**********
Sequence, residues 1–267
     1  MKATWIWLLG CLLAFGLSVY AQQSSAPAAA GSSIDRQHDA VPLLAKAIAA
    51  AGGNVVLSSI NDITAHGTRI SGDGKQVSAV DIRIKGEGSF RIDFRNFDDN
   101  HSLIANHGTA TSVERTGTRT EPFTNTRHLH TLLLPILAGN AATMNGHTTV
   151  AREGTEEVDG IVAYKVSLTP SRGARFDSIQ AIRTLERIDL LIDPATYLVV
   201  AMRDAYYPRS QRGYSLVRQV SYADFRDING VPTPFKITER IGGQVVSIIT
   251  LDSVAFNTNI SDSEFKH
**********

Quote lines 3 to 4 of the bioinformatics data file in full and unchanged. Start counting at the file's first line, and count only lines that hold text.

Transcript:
    51  AGGNVVLSSI NDITAHGTRI SGDGKQVSAV DIRIKGEGSF RIDFRNFDDN
   101  HSLIANHGTA TSVERTGTRT EPFTNTRHLH TLLLPILAGN AATMNGHTTV